CHAPTER 26: HOUSEHOLDS - INTRODUCTION
The domestic sector is an important area of the economy but is often unjustly overlooked as a source of environmental damage. Household spending accounts for a significant proportion of total industrial production, averaging just over 70 per cent in Europe as a whole and ranging from 56 per cent in the former USSR to 89 per cent in Greece in the late 1980s (ERM based on UN, 1992, and Euromonitor, 1992). The choices made by individuals concerning purchase of consumer items and how to run their homes can significantly influence environmental impacts from the domestic and other sectors. It is this range of behaviour and scope for choice which is addressed here. The main sources of data used in this chapter are described in Box 26A.
DEFINITION AND IMPORTANCE OF HOUSEHOLDS
A useful definition of 'households' for the purposes of this report is: a '... household denotes a person or group of persons, related or not to one another, who occupy the same accommodation and live there together' (CEC, 1993).
Households consume raw materials, electricity, other forms of energy, food and manufactured items while generating wastes which are released to land, water and air. They also require transport facilities and an infrastructure which may affect landuse, the landscape and natural resources. They therefore have direct impacts on the quality of the environment as described in Chapters 4 to 10.
Population growth, together with a trend towards fewer people per household, is contributing to a large rise in the number of households in the EU and EFTA countries (an increase of around 10 per cent between 1980 and 1990) (Euromonitor, 1992). There is a similar trend in Central and Eastern Europe. In the former USSR, however, the rate of growth is constrained by the shortage of suitable housing. Smaller households use water and energy less efficiently and require more land per household member, so that these trends lead to greater per capita resource use.
Patterns of household consumption and consumer behaviour influence the environmental effects of households. At the same time households themselves are influenced by the physical and climatic conditions of their location and a variety of demographic, social and economic factors, including: household income; availability of goods; availability and quality of substitutes; environmental awareness of consumers; and culture and peer group pressure.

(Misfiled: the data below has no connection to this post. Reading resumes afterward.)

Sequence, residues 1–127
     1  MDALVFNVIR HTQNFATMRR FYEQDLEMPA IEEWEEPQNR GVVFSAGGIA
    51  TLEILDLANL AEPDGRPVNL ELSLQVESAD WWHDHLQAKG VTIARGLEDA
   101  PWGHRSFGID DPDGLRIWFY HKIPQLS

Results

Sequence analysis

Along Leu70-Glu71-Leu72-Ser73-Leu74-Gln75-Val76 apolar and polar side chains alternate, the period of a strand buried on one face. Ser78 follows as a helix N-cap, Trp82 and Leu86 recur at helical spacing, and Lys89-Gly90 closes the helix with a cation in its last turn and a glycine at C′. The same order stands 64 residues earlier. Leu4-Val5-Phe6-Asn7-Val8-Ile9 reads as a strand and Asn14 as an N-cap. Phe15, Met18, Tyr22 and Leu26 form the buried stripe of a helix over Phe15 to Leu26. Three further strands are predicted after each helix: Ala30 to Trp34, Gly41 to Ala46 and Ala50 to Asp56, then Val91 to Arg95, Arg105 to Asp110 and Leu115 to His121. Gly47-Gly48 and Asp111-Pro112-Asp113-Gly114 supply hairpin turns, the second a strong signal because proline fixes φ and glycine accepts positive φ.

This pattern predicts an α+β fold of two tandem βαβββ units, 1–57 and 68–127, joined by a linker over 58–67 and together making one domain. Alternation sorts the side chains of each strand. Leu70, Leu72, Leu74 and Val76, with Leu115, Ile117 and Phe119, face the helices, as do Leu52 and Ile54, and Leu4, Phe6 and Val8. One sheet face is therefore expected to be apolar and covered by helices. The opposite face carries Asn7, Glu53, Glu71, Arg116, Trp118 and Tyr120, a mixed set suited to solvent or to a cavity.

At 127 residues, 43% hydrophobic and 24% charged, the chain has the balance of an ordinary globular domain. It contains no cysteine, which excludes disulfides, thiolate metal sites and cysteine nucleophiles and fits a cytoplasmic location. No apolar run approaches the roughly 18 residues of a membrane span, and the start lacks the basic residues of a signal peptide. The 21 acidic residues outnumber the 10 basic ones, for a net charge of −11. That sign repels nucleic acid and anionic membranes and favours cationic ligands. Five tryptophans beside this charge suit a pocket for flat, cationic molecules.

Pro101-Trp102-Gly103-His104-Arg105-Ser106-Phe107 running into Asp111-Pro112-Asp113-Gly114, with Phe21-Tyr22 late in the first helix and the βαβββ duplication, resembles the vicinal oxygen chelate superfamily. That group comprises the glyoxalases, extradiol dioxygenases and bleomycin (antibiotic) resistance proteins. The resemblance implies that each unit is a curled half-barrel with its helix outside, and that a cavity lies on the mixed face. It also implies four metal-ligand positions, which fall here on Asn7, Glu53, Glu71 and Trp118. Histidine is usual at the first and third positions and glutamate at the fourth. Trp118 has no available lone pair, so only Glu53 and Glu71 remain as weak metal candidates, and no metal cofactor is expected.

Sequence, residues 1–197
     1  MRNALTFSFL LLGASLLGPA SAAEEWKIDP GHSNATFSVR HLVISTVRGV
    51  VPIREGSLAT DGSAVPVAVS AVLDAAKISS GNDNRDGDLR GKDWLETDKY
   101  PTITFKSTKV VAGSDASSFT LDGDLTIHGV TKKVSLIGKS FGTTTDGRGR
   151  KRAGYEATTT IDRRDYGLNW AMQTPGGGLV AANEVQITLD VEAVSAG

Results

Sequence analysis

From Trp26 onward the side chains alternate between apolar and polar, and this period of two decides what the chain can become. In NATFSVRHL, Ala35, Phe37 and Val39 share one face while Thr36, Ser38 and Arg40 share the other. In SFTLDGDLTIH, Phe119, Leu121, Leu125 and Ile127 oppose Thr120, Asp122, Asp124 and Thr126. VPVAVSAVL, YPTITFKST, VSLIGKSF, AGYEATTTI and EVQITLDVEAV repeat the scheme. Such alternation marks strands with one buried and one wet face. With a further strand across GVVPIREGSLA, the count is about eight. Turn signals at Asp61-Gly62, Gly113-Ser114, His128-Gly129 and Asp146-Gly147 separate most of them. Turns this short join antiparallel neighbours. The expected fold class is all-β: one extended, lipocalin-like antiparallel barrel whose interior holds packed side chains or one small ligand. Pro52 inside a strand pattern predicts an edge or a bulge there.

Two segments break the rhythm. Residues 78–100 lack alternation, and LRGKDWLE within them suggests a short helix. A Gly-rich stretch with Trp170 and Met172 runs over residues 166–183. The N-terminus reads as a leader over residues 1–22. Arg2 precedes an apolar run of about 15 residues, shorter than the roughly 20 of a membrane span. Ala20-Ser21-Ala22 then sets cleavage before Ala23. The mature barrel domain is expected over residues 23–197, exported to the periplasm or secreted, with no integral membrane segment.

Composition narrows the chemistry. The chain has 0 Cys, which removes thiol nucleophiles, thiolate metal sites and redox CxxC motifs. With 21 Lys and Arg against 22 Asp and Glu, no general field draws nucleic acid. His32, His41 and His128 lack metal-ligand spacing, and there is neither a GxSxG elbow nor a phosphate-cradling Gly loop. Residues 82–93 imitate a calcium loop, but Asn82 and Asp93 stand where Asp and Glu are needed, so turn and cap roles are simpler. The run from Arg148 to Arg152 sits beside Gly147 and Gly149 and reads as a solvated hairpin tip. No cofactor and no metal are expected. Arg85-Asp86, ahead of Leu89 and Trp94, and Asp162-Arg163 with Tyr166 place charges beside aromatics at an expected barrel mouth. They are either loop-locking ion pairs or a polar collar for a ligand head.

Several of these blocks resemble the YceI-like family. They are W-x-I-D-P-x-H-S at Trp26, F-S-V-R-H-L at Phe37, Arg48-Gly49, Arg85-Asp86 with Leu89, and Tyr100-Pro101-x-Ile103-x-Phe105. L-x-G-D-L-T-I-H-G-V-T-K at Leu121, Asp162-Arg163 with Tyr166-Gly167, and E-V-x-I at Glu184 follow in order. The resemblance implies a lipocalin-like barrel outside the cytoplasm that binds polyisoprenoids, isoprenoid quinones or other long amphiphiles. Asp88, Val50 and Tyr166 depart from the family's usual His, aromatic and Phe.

The direct environmental impacts of households arise from the consumption of resources, emissions and the other induced pressures on the environment described in Chapters 12 to 18. Use of resources and emissions which occur away from the household (for example, those associated with electricity generation, industrial or agricultural production of consumer items) is addressed under the specific sectorial chapters of interest (eg, Chapters 19, 20 and 22).
The importance of the household sector, therefore, lies in its demand for resources, the waste generated by consumption of those resources and its capacity to influence industrial and commercial activities through its spending power. This influence can be shown through the exercise of consumer choice, either in increased demand for perceived 'environment-friendly' products or in the avoidance of less 'friendly' products or manufacturers.
The significant environmental impacts stemming directly from the presence, consumption of resources and emissions of households are summarised in Table 26.1.
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26.1 - Introduction
26.2 - Definition and importance of households
26.3 - Resource needs of households
26.3.1 - Land
26.3.2 - Water
26.3.3 - Energy
26.4 - Emissions from households
26.4.1 - To air
26.4.2 - Solid waste
18.104.22.168 - The volume
22.214.171.124 - The recycleability
126.96.36.199 - The presence of chemical pollutants
26.5 - Driving forces
26.5.1 - Population growth, number of households and household size
26.5.2 - Growth in disposable income and consumer spending
26.5.3 - Greater availability, affordability and sophistication of consumer items
188.8.131.52 - Vehicle ownership and use
26.5.4 - Public attitudes to the environmental impacts of products
26.6 - Examples of control measures
26.6.1 - Coercive measures
26.6.2 - Financial regulation
26.6.3 - Information and training
26.6.4 - Institutional instruments
26.7 - Conclusions